How often to rebuild lifters/cam opinion
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How often to rebuild lifters/cam opinion

  1. #1
    Senior Member H20MOFO's Avatar
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    Default How often to rebuild lifters/cam opinion

    I have a set of crower hippos. I am gonna guess 40 to 50 hours total on the motor. What is involved there? Send them to crower or? A few months back I posted a pic of a cam lobe that was wearing poorly...much to my surprise I pulled the intake today...and it doesn't look worse...it may actually look better. I will stick a pic or 2 up in a minute. Give me your opinions please.
    Last edited by H20MOFO; 10-23-2010 at 12:53 PM.
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    AKA Blownjet 468 Blowncat 509's Avatar
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    I had a cam that had been reground too many times, and it had gone thru
    the hardened area and started digging troughs in the lobes! sent my
    CROWERS back to them to be inspected, thinking they were gonna say
    I needed to replace them- to my surprise they sent them back and said
    "run 'em, they will be fine" was kinda sceptical, but I did, and they lasted
    10+ yrs! (didn't change em, sold boat) is the cam a CROWER?

  4. #3
    Senior Member H20MOFO's Avatar
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    Quote Originally Posted by Blownjet 468 View Post
    I had a cam that had been reground too many times, and it had gone thru
    the hardened area and started digging troughs in the lobes! sent my
    CROWERS back to them to be inspected, thinking they were gonna say
    I needed to replace them- to my surprise they sent them back and said
    "run 'em, they will be fine" was kinda sceptical, but I did, and they lasted
    10+ yrs! (didn't change em, sold boat) is the cam a CROWER?
    The cam is a bullett....I swear it looks better now than it did. The general consensus of the prior thread was either that those 2 lobes may not have been hardened properly...or that I had an lifter bore alignment issue. Someone pointed out if that was the issue...I should have a firm talk with my machinist since the lifter bores are already bushed.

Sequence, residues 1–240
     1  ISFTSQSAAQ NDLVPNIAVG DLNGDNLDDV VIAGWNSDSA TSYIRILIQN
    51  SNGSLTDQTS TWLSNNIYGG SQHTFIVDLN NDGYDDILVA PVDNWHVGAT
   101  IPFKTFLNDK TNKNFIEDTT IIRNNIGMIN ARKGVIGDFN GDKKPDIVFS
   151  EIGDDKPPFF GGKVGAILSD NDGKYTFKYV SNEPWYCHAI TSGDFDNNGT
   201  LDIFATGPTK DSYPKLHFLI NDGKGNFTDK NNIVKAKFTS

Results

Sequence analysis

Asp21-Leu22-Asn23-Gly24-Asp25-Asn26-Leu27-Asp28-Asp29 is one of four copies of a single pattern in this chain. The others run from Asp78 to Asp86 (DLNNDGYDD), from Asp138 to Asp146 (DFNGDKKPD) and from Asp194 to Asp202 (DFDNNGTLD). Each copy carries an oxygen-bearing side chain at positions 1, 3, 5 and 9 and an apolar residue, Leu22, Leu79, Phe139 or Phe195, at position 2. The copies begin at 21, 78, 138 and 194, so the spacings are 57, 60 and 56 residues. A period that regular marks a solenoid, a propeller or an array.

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    Senior Member wagspe208's Avatar
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    You replace them when the wheels start to get loose. Or, I would replace them evey 100 hours of operation. Are they mechanical rollers? Not Hyd? or are they Hyd?
    Wags
    They are expensive, but more expensive if there is a failure. I am a crower lifter fan personally. I have had 1 failure with them personally in 10+ years of my stuff. I think this is pretty damn good.

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    Just had one of the Crower solid rollers, (hippo), go bad in my 540 BBC ,(street car) for the second time. First time they had about 2175 miles on them, this time about 2800 miles on them. They replaced them free of charge the first time. had to pay to rebuild them this time. Also cam had to be reground both times.

  8. #6
    Senior Member H20MOFO's Avatar
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    Quote Originally Posted by wagspe208 View Post
    You replace them when the wheels start to get loose. Or, I would replace them evey 100 hours of operation. Are they mechanical rollers? Not Hyd? or are they Hyd?
    Wags
    They are expensive, but more expensive if there is a failure. I am a crower lifter fan personally. I have had 1 failure with them personally in 10+ years of my stuff. I think this is pretty damn good.
    100 Hours or so thanks...fwiw they are not hyd. btw The guy that built my motor wouldn't take no for an answer on the crower hippos. 100 hours makes me good to go for a couple more years.
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    AKA Blownjet 468 Blowncat 509's Avatar
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    the crowers I ran weren't the hippo's, they were just the "Severe Duty"
    ones! (way before the hippo's came out) and I had 10+ years on them.
    was only about 5 or 6 outings a year, at about a drum +or- per trip of
    114oct union76 race fuel. and I would back off the rockers every last
    trip of the season. would never run anything BUT CROWERS in a solid
    roller application. except maybe jesels, or some other keyway style high-
    end type lifter. But then again, I'm one of those old school guys who also
    swears by the good ole' REV KIT, So let the flaming begin!

  10. #8
    Bostick Racing Engines six-oh-nine's Avatar
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    Quote Originally Posted by VD Cruiser View Post
    Just had one of the Crower solid rollers, (hippo), go bad in my 540 BBC ,(street car) for the second time. First time they had about 2175 miles on them, this time about 2800 miles on them. They replaced them free of charge the first time. had to pay to rebuild them this time. Also cam had to be reground both times.